You are a rebel, given the power to craft life and sent to fight the Shapers. At least, that is what they told you to do. Will you fight your oppressors? Or will you join them, tempted by the incredible rewards they offer? You have the chance to change the world. What path will you choose?

That's enough about the game. Here's the Geneforge 4 sales stats:

Geneforge 4 Copies sold (as of Mar 13th): 3979.
Geneforge 4 Sales: $111,412.

The budget was $120k. Here's some other quotes from his articles. They go more in depth about his selling RPG games and links are below.

So far, the Windows/Mac sales of Geneforge 4 break down to about 55/45. Before that, it was about 60/40. Now it's about 50/50. Macintosh market share went way up over the last couple years, and this has helped our sales a lot.

Releasing games for two platforms has always been the key to our profitability. Porting games is free money, and it's awesome.

A lot of people have commented that I should lower the game's price to $10. The idea that this would increase my profits is, I feel, purest nonsense. Bearing in mind that the percentage cost of credit card processing increases as the price goes down, and, to make the same profits from Geneforge 4, I would have had to triple my sales. Triple! As in, go from a conversation rate of about 1.5% to almost 5%.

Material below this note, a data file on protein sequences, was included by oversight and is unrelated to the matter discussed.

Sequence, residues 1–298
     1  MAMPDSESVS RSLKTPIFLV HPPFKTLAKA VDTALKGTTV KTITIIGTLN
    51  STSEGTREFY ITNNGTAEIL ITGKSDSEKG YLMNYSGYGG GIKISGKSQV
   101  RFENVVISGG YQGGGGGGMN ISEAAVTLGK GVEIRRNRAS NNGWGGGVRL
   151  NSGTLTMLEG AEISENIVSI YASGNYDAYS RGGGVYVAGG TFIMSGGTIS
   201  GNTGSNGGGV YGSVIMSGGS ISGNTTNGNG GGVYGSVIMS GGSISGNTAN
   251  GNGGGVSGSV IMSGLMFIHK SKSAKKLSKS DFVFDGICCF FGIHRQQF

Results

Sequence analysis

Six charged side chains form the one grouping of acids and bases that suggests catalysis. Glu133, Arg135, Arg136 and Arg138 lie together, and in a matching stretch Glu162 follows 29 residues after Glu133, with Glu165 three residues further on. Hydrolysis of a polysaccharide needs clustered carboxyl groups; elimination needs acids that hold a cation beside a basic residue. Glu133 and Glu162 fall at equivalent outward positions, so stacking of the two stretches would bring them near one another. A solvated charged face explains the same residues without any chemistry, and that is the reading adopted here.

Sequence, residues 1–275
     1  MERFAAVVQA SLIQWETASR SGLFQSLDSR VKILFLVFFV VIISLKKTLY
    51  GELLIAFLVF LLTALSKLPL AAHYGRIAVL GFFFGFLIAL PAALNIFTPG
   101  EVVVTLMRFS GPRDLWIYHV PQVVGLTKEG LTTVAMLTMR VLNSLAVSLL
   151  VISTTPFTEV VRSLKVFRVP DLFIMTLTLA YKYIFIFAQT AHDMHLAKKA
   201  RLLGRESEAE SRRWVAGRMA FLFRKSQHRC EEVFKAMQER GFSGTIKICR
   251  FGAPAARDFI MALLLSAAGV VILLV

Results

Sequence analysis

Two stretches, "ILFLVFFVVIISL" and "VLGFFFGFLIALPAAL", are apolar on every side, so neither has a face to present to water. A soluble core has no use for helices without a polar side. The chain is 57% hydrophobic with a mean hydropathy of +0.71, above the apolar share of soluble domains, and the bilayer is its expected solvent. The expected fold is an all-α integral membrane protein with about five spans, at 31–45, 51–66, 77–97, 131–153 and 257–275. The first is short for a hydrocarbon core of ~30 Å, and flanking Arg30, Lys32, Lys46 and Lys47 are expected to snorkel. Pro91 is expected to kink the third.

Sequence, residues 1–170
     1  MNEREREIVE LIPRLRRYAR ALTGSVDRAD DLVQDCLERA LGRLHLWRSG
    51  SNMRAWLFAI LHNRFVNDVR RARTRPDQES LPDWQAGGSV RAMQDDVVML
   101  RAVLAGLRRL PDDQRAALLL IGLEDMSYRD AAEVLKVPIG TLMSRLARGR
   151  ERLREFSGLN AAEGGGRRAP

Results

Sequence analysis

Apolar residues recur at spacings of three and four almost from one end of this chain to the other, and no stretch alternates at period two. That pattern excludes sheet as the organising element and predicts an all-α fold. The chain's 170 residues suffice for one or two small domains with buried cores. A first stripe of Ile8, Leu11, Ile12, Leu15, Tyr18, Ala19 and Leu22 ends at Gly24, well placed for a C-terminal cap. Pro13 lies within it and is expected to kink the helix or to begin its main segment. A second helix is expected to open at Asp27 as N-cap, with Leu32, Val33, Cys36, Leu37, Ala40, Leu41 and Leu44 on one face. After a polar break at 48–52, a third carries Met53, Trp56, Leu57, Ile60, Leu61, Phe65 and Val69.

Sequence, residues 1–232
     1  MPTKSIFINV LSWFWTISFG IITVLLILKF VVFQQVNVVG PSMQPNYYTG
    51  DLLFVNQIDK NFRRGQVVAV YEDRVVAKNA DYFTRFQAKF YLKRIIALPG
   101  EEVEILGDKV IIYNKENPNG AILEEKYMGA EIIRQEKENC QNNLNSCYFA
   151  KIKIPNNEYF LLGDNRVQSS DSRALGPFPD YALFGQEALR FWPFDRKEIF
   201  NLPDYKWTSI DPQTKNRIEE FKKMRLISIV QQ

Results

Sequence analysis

Geneforge 4 was the game where we raised our prices to $28. Our sales did not go down from Geneforge 3 (which was $25). They went up. A lot. And Avernum 5 ($28) sold a lot more than Avernum 4 ($25).

Graphics are expensive. Really expensive. We keep our costs low, and our games thus become profitable quickly. We've had some games that did worse than others, but I've never, in fifteen years, written a game that lost money.

It has never appeared for sale on another site (like RealArcade, MSN Games, etc.). All of the sales were directly from us. Geneforge 4 didn't get a lot of press, like most Indie games. Some web reviews, some news articles, a few banner ads, but news of it mainly spread by word of mouth.

I charge a fair price. I write big, good games (with 30-40 hours of gameplay, easy), and they easily provide enough fun to more than justify the $28. I will not be shamed into charging less, not when my dollars and cents bottom line is telling me that it's working.

You can read the original Jeff Vogel RPG sales stats articles here: Part 1, Part 2.

A word of warning before you decide to try selling RPG games. Jeff Vogel from Spiderweb makes his RPGgames the old school type that appeal to an underserved audience. Cray from RPGCow sells his to a casual audience who doesn't have the time to grind or play for 30 hours. Amanda from Amaranth sells RPG games to people who loved Super Nintendo quality games or cute graphics. Jack from WinterWolves does things the normal gamer won't touch.

These are all very niche markets, much more so than just trying to sell a RPG game. Find one of yours if you want to stand out. You can even do "good indie RPGs" like Rampant Coyote Games sells on his affiliate portal, but he's got a headstart on traffic for that already and a popular blog attached.